Indigenous peoples play growing role in biodiversity protection
Nature News Blog, 10 September 2012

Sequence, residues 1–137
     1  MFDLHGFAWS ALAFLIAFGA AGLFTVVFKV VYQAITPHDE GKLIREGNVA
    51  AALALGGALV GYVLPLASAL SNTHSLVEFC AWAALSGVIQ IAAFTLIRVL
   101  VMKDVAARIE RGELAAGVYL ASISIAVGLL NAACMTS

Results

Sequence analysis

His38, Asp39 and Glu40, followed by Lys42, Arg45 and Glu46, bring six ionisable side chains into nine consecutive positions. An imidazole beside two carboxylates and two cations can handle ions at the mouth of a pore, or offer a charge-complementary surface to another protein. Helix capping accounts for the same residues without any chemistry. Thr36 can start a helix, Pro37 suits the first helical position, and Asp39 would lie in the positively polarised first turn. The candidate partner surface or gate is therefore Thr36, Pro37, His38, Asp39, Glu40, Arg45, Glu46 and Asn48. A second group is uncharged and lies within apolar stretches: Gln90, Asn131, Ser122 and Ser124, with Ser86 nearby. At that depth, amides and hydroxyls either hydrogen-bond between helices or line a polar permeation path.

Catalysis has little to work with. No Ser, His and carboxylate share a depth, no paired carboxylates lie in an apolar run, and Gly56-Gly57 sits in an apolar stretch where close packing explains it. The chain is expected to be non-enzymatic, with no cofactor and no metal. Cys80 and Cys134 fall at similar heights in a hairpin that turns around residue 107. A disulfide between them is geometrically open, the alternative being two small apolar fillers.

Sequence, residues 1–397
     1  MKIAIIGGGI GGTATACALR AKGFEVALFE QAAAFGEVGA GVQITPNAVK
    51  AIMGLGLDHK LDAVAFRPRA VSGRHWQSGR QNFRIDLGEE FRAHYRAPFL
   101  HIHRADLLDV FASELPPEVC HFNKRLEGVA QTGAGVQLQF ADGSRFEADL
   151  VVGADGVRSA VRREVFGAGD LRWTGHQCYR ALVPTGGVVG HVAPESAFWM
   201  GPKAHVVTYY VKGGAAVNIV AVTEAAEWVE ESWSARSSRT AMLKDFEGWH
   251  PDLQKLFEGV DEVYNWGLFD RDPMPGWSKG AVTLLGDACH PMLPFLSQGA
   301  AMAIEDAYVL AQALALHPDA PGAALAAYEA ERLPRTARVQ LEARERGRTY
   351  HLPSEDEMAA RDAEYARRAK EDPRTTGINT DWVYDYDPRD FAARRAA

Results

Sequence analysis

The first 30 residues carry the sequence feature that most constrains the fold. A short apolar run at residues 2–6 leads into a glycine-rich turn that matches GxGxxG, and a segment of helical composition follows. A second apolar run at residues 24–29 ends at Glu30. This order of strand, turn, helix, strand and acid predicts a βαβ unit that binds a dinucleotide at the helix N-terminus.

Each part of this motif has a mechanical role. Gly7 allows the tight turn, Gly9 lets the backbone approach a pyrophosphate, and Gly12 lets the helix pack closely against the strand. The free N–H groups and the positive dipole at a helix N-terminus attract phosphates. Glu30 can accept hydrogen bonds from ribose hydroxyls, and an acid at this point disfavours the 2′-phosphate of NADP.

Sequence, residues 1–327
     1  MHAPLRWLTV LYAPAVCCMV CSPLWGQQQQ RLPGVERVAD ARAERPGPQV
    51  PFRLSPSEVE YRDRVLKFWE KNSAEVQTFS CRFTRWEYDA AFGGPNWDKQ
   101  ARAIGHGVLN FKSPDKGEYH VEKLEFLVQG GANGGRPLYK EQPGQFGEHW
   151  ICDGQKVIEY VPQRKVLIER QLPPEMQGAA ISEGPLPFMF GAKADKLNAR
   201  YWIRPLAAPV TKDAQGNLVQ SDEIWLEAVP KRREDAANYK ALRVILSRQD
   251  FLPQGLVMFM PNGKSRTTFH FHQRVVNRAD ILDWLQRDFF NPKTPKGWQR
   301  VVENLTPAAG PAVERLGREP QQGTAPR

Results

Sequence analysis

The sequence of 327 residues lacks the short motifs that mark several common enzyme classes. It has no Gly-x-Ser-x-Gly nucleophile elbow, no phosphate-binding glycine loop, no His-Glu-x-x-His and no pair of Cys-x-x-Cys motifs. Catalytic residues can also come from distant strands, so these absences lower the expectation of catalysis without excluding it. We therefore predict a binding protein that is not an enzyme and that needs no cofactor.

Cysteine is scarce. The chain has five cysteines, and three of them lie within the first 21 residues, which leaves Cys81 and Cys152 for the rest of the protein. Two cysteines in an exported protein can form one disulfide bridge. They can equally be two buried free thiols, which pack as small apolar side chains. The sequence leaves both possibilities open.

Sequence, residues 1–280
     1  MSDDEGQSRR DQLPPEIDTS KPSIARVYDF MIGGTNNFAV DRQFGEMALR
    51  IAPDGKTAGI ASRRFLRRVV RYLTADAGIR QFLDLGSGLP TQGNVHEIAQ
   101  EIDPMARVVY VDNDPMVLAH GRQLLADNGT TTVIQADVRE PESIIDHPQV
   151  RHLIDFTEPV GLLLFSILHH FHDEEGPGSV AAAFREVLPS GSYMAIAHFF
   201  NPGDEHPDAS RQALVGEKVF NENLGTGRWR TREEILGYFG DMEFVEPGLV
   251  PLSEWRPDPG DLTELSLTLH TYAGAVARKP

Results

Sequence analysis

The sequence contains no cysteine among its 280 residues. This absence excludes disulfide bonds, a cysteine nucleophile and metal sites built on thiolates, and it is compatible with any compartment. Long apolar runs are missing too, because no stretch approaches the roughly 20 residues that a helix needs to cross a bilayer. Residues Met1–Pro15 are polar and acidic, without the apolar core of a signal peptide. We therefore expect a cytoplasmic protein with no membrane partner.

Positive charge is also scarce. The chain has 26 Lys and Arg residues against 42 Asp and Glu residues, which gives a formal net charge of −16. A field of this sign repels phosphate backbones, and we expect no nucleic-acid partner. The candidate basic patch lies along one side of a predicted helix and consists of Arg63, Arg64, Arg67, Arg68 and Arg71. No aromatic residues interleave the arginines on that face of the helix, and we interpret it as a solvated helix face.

JEJU, REPUBLIC OF KOREA: Community-based conservation is poised to take a starring role in the effort to meet global biodiversity targets. That’s one of the take-home messages of the first-ever Protected Planet Report, launched on 7 September 2012 by UNEP-WCMC at the IUCN World Conservation Congress. The report reveals a profound shift in the way protected areas are being managed around the world. In 1990, just 14% of protected areas allowed hunting and other sustainable uses of natural resources, but today that number has risen to 32%. At the same time, the amount of areas managed exclusively by governments has declined from 96% to 77%, a trend reflecting the rise of community-based conservation and co-management schemes with indigenous peoples. “The protected area network is rapidly changing not only in its area, but in the different approaches to management,” says the report’s lead author, geographer Bastian Bertzky. Bertzky says that indigenous reserves and sacred natural sites may be the key that enables countries to meet Aichi targets on such a short timeline. Only a fraction of such sites meet the requirements of the World Database on Protected Areas, which was used to compile the report, but they would still qualify under the terms of the Convention on Biological Diversity. His colleagues at UNEP-WCMC recently launched the Indigenous and Community Conserved Areas database, and these areas could double estimates of the amount of the land under some form of protection. “We still need to figure out how to include these areas in our global analysis,” he says. Read the post … Download the Protected Planet Report [pdf] …

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